So after fortifying myself with caffeine I began the day with a London Walks entitled The Old Jewish Quarter ("a shtetl called Whitechapel.") Jean, the guide who showed us around the Victorian walk last October, gave us a tour of the "Hebrew" side of the East End. We visited Bevis Marks Synagogue (built 1701) and the interior was stunning. Marble, English oak benches (the original ones) and candles. Lots of candelabras. They have electric lights, but use the candles for weddings. Neat. This is a Orthodox shul (shool = synagogue) which means the woman sit separate from the men. In this case they sit up in a gallery overlooking the main floor. I've attended Orthodox services in Hong Kong and found the women got bored and tended to chat during the service because they had nothing to do. Reform and Conservative Judaism include women in the services. Each to his own.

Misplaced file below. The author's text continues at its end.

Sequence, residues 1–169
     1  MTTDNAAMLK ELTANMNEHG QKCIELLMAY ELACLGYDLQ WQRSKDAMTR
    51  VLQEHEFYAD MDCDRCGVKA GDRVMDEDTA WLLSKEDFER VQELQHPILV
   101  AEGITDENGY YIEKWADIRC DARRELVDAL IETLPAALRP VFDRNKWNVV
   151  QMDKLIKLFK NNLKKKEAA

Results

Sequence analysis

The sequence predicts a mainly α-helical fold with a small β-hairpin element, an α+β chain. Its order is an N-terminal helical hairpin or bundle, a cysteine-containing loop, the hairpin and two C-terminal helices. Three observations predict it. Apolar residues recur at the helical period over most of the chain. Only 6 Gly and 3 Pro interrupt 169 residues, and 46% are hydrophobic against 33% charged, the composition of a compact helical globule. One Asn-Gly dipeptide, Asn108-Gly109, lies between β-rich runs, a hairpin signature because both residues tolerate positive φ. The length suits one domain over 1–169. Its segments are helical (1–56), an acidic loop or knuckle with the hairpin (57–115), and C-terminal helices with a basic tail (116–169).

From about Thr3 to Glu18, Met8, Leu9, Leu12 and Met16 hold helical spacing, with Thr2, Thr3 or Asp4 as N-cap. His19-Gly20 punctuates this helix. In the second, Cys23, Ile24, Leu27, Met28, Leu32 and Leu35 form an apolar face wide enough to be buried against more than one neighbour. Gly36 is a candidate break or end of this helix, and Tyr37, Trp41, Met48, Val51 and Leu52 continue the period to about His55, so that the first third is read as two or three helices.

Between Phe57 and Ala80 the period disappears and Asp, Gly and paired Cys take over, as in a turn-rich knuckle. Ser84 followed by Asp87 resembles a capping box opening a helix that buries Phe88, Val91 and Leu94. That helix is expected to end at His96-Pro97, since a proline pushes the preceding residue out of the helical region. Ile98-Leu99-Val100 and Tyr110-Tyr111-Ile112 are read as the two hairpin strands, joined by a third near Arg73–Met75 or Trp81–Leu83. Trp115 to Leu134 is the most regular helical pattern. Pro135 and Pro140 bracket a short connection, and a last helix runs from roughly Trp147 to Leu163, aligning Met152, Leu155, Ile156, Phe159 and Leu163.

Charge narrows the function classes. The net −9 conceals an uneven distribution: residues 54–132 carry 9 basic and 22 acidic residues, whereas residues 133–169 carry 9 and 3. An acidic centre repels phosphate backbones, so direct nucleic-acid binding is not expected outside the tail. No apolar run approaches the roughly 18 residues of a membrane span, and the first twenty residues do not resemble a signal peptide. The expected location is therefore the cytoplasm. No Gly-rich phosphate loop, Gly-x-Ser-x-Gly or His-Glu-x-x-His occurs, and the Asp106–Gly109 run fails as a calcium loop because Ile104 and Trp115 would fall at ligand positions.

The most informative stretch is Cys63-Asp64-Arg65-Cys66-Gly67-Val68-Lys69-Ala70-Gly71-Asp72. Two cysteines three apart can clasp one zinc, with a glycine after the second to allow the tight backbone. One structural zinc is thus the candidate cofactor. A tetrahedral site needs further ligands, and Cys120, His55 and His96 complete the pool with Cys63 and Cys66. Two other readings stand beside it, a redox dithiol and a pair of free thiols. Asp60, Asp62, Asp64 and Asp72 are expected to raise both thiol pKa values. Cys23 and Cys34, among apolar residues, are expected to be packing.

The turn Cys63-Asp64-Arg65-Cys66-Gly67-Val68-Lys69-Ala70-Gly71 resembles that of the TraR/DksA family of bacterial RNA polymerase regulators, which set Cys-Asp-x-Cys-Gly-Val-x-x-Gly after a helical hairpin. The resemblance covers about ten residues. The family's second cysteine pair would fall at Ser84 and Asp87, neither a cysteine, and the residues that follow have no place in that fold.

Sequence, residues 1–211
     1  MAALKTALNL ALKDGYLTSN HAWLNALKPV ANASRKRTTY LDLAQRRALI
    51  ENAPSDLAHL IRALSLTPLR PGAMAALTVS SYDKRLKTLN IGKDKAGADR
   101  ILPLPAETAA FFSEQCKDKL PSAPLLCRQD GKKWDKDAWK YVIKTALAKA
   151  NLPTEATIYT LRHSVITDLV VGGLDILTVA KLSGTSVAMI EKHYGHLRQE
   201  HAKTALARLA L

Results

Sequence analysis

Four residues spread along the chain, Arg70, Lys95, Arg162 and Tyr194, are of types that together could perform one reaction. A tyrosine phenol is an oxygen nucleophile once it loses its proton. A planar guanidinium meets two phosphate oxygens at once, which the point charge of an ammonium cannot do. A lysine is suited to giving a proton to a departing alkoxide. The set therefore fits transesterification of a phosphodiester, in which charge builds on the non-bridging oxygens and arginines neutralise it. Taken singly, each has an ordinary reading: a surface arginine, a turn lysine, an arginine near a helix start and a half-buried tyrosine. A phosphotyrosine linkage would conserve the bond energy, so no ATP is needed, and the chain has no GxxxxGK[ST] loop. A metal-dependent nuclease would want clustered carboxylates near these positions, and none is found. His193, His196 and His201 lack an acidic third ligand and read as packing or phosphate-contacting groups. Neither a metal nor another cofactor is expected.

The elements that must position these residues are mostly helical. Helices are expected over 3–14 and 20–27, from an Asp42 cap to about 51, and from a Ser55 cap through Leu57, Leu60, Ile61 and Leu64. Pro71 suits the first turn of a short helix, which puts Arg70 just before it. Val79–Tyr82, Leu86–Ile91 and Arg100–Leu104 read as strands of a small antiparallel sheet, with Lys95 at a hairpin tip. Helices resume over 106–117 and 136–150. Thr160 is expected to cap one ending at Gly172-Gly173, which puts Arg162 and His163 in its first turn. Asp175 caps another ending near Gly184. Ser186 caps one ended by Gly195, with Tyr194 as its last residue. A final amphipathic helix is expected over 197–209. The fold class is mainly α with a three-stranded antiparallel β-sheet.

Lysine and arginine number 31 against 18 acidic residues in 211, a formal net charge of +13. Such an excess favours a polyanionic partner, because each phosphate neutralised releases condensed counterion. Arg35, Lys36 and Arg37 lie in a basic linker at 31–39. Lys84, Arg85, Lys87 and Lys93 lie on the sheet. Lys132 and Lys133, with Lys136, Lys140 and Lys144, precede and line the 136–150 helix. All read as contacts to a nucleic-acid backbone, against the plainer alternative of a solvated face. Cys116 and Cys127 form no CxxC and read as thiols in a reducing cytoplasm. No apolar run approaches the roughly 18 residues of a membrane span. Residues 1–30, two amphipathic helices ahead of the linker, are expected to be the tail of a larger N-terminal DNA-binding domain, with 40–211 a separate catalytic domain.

There was a nice fellow at who gave us an overview of the Jewish community during the past three hundred years. Of course, there's always one in your tour group who likes to stir things up. A lady, a Jew, announced she wouldn't attend an Orthodox shul as they made the women sit separately. I saw no reason for her grumbling about this. You choose which synagogue you attend. Griping at the Orthodox folks about their traditions is like bitching at the Reform Jews because women can conduct a service. The Orthodox are keepers of the tradition. Without them Judaism would be lessened. To be honest, I doubt the Almighty really cares either way.